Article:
The polarization of monocytes into macrophages that possess anti-inflammatory and pro-angiogenic properties could provide a novel therapeutic strategy for patients who are at a high risk for developing heart failure following myocardial infarction (MI). Here in, we describe a novel method of "educating" monocytes into a distinct population of macrophages that exhibit anti-inflammatory and pro-angiogenic features through a 3-day culture on fibronectin-rich cardiac matrix (CX) manufactured using cultured human cardiac fibroblasts. Our data suggest that CX can educate monocytes into a unique macrophage population termed CX educated macrophages (CXMq) that secrete high levels of VEGF and IL-6. In vitro, CXMq also demonstrate the ability to recruit mesenchymal stromal cells (MSC) with known anti-inflammatory properties. Selective inhibition of fibronectin binding to αVβ3 surface integrins on CXMq prevented MSC recruitment. This suggests that insoluble fibronectin within CX is, at least in part, responsible for CXMq conversion.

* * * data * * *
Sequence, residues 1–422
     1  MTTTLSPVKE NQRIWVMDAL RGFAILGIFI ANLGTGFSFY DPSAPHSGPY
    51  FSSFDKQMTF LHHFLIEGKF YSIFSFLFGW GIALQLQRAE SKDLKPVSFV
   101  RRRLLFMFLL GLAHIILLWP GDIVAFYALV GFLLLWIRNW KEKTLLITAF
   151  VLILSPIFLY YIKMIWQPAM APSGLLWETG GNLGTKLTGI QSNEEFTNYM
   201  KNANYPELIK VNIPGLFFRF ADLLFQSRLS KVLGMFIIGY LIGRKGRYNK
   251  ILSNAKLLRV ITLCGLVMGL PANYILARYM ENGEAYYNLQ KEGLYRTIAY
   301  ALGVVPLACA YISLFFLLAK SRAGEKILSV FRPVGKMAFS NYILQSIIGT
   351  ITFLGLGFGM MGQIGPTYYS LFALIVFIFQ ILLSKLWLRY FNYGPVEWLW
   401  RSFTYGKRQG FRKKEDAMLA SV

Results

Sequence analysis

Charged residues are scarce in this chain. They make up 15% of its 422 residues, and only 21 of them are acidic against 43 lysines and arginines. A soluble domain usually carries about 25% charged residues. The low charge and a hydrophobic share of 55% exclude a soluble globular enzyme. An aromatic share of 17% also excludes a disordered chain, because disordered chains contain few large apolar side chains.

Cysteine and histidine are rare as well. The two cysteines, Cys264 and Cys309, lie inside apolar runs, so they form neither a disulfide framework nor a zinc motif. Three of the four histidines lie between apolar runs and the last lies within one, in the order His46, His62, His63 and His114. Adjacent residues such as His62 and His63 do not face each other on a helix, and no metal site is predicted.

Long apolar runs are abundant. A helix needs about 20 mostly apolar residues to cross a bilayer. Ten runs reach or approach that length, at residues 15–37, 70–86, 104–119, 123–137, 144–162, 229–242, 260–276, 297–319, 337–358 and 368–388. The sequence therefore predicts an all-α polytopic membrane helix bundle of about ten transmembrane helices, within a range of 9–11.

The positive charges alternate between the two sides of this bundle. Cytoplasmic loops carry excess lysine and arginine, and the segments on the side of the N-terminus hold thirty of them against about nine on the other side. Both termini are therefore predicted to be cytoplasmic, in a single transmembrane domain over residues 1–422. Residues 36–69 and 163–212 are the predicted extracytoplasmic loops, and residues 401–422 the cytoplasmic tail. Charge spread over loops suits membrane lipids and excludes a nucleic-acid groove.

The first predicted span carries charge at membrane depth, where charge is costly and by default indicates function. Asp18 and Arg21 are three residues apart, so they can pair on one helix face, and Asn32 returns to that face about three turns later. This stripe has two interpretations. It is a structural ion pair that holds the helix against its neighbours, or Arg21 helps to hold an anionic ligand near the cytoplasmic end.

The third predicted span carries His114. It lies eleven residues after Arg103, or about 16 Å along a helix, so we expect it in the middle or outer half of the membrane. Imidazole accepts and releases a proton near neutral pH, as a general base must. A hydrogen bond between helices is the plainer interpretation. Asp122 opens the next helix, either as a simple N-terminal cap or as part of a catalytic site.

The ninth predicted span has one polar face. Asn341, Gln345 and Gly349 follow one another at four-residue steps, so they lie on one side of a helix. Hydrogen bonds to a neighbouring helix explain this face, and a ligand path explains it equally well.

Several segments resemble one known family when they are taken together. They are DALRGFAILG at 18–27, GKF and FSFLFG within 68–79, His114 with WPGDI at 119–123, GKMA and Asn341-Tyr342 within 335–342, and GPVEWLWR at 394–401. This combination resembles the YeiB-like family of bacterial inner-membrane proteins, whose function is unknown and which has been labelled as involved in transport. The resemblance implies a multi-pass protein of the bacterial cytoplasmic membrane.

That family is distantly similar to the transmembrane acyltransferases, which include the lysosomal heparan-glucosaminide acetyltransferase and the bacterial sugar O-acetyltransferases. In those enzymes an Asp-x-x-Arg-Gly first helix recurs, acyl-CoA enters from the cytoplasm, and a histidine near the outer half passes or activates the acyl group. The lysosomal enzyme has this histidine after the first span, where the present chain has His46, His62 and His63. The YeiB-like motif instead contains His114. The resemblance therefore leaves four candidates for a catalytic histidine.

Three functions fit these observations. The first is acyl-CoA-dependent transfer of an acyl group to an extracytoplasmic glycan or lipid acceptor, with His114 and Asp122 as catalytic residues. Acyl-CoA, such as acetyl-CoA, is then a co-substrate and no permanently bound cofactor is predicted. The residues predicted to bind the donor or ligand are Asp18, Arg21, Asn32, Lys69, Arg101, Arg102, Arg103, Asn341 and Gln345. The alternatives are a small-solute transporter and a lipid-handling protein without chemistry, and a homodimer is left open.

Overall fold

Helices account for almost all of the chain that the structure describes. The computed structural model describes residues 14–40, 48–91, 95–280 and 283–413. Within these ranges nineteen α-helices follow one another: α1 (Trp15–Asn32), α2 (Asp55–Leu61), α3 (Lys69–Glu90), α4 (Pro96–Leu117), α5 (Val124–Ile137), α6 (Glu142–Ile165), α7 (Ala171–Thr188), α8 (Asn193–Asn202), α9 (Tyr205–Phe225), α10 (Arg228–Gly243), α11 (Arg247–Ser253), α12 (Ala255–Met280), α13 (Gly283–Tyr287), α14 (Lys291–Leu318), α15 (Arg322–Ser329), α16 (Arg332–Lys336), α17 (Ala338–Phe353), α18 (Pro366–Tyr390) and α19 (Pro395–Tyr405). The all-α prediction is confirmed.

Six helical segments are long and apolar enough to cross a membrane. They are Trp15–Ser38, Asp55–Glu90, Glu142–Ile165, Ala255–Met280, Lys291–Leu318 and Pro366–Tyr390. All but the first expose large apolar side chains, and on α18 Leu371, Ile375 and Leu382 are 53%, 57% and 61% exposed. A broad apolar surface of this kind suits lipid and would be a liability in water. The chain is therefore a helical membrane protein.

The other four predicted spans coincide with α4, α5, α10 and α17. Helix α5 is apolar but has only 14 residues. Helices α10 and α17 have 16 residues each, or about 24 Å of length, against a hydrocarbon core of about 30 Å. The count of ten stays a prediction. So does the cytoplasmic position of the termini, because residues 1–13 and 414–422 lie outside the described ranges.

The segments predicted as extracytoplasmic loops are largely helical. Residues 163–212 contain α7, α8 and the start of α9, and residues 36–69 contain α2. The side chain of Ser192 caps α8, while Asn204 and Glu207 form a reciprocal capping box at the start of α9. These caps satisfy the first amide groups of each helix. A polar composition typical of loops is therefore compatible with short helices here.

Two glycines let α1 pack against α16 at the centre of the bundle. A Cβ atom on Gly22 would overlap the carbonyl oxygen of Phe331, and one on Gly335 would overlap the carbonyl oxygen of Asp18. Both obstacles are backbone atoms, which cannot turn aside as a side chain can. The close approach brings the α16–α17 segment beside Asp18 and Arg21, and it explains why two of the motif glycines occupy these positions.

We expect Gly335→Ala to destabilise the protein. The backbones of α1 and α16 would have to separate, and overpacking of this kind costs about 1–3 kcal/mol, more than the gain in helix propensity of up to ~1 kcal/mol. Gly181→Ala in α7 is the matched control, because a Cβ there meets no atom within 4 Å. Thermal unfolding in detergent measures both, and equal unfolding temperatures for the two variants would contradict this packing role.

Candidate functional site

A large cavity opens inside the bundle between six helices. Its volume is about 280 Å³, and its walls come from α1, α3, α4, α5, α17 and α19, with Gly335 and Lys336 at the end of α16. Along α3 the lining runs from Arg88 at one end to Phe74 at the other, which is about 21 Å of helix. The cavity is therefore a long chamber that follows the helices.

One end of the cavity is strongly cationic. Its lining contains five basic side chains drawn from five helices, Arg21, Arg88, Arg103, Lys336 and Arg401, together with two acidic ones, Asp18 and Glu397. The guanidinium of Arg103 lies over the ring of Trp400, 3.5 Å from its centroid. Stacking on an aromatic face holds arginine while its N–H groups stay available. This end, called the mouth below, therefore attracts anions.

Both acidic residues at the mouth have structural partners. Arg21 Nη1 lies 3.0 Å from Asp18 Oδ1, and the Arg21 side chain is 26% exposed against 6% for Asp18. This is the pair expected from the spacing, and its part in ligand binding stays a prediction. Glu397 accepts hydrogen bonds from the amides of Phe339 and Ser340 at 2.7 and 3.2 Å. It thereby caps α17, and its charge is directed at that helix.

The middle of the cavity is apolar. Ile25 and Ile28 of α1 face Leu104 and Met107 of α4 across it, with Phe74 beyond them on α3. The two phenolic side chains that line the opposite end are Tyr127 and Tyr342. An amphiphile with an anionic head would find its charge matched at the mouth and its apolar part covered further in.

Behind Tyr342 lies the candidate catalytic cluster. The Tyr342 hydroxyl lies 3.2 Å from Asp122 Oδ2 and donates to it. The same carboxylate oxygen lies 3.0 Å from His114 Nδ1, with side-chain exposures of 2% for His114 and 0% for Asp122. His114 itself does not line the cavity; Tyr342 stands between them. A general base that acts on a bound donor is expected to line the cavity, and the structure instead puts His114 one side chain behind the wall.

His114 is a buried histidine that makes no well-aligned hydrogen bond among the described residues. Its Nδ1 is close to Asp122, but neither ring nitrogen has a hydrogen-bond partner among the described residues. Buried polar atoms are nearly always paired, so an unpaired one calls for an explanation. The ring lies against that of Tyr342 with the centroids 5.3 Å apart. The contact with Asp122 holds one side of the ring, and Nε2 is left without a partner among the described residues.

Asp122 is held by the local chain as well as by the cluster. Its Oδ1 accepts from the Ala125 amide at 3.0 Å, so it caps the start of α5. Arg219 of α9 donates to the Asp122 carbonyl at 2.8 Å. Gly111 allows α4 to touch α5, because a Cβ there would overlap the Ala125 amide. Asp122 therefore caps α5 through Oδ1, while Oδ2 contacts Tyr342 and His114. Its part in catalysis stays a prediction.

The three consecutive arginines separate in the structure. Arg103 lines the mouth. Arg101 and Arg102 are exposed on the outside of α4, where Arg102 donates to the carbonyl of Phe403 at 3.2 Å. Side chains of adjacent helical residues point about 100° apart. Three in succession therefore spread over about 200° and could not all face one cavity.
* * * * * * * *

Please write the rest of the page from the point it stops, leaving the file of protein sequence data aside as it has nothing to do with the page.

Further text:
Keywords: Cardiac fibroblast; Cell-derived matrix; Fibronectin; Integrin; Macrophage; Monocyte.